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Content Type: Blog entry

By Nathan McNeil

I’ve been working through some survey data as part of a case study of the Portland Traffic and Transportation Course (https://www.portlandoregon.gov/transportation/35727), and thought I would share a few interesting differences that I’ve come across between course participants who commute via different modes.

As a bit of background, the course is a 10 week class jointly offered by Portland State University and the City of Portland that is open to the general public (not just PSU students) and provides a background in “local traffic and transportation issues, transportation options, and how to get things done in your neighborhood.” Being open to the public and providing a considerable depth of transportation-focused information, from history to engineering, the class is a relatively unique civic offering. The case study and an accompanying curriculum for other cities to implement a similar transportation-focused course will be completed in the coming months (more details are available at http://trec.pdx.edu/research/project/541/).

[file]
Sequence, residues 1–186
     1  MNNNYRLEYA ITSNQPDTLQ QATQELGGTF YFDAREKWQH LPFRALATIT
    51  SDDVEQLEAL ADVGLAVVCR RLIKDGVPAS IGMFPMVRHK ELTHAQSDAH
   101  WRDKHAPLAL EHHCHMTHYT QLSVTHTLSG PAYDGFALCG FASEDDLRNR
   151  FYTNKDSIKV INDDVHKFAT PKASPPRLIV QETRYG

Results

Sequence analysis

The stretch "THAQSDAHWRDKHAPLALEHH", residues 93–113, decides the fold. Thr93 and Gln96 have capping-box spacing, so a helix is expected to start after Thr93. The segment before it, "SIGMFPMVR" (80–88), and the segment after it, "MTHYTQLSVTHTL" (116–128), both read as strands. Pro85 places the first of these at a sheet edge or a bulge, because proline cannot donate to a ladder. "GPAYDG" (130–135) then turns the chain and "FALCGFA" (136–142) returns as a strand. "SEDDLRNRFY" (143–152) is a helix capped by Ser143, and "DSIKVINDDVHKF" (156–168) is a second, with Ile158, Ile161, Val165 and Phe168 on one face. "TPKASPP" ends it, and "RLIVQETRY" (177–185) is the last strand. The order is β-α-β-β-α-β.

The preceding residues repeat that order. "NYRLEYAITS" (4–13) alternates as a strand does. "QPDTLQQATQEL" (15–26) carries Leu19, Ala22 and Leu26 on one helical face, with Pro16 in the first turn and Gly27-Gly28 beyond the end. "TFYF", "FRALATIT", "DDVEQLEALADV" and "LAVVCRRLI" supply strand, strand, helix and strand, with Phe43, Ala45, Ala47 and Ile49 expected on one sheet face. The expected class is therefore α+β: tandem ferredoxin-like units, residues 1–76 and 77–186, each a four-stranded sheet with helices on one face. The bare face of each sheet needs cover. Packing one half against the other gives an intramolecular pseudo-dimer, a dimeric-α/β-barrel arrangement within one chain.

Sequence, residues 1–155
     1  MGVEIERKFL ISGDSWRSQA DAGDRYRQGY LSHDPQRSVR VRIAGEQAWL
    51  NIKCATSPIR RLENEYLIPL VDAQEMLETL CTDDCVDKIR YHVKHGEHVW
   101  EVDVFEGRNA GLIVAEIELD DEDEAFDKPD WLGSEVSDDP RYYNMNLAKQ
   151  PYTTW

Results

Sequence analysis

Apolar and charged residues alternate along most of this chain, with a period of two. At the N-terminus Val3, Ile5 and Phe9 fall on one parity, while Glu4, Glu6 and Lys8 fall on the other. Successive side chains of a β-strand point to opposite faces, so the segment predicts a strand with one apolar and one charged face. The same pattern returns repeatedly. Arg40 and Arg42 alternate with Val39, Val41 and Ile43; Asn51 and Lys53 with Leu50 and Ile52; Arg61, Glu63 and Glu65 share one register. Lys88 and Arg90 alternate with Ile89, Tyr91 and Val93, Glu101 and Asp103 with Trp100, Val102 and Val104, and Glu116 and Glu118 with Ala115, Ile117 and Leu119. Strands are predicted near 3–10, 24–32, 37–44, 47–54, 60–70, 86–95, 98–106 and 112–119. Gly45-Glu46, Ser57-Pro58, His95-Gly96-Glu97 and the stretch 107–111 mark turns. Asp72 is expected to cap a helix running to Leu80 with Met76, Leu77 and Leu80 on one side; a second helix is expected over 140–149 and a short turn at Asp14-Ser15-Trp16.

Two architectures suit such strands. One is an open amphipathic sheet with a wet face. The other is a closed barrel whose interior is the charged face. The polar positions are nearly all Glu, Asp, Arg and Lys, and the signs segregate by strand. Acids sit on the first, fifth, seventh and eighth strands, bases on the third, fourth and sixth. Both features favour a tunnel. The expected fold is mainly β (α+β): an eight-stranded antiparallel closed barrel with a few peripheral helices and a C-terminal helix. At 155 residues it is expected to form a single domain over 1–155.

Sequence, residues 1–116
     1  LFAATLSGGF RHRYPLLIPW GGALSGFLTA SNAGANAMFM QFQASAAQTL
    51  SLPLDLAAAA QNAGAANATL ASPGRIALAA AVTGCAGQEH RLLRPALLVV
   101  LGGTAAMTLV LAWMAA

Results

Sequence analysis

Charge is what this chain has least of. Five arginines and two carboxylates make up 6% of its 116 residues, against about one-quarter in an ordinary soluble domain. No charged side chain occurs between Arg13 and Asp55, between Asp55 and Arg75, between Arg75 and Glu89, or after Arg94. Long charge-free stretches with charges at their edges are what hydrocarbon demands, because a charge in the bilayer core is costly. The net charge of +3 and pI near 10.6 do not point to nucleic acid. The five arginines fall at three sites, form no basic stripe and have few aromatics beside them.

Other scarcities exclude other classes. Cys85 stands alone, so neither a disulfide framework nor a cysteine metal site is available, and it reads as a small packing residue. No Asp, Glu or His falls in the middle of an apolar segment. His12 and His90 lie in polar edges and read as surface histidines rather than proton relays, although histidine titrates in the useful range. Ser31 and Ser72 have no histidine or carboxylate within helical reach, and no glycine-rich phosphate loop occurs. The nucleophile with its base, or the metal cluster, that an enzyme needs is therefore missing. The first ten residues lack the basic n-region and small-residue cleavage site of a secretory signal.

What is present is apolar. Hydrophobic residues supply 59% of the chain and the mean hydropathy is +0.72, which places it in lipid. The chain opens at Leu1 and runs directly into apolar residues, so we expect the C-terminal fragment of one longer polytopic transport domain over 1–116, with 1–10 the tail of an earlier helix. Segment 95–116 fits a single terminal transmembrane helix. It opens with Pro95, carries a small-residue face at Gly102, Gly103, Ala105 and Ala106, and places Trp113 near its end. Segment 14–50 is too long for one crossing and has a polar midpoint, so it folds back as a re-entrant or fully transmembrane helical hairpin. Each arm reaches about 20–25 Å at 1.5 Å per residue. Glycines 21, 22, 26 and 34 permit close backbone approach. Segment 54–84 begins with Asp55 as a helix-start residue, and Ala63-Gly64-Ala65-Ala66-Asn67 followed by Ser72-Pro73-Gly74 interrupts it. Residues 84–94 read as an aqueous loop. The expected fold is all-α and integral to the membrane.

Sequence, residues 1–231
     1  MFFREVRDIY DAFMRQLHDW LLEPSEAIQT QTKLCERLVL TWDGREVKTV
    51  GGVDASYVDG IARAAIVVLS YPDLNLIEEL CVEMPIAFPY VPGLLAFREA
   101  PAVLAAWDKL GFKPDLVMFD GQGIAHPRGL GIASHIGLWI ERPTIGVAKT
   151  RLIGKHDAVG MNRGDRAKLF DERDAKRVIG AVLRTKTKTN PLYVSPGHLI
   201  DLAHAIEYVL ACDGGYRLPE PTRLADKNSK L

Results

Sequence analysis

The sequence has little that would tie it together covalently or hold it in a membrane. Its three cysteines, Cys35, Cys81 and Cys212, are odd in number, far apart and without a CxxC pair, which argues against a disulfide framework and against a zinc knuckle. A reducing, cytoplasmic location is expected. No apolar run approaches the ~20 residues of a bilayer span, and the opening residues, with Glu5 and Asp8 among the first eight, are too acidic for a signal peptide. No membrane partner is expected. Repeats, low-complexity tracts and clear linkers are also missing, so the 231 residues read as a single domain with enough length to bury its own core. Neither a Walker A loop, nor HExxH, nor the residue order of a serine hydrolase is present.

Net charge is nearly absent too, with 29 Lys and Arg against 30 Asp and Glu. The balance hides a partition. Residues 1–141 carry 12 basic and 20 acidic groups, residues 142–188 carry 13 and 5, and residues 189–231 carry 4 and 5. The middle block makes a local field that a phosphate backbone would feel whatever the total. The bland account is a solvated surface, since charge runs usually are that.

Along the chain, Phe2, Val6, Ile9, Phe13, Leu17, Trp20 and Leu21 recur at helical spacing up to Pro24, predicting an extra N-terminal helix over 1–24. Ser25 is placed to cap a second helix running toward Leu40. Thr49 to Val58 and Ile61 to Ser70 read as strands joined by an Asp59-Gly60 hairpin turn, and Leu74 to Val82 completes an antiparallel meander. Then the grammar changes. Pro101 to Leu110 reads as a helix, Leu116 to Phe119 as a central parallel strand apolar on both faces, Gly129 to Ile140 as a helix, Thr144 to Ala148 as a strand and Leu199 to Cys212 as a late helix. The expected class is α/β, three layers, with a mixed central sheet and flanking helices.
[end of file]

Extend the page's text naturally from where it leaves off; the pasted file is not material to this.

The data I’ve been working with came from a survey of graduates of the class (of which there are around 1200+ in Portland, from course sections going all the way back to the fall of 1991). The course includes, among other things, special...

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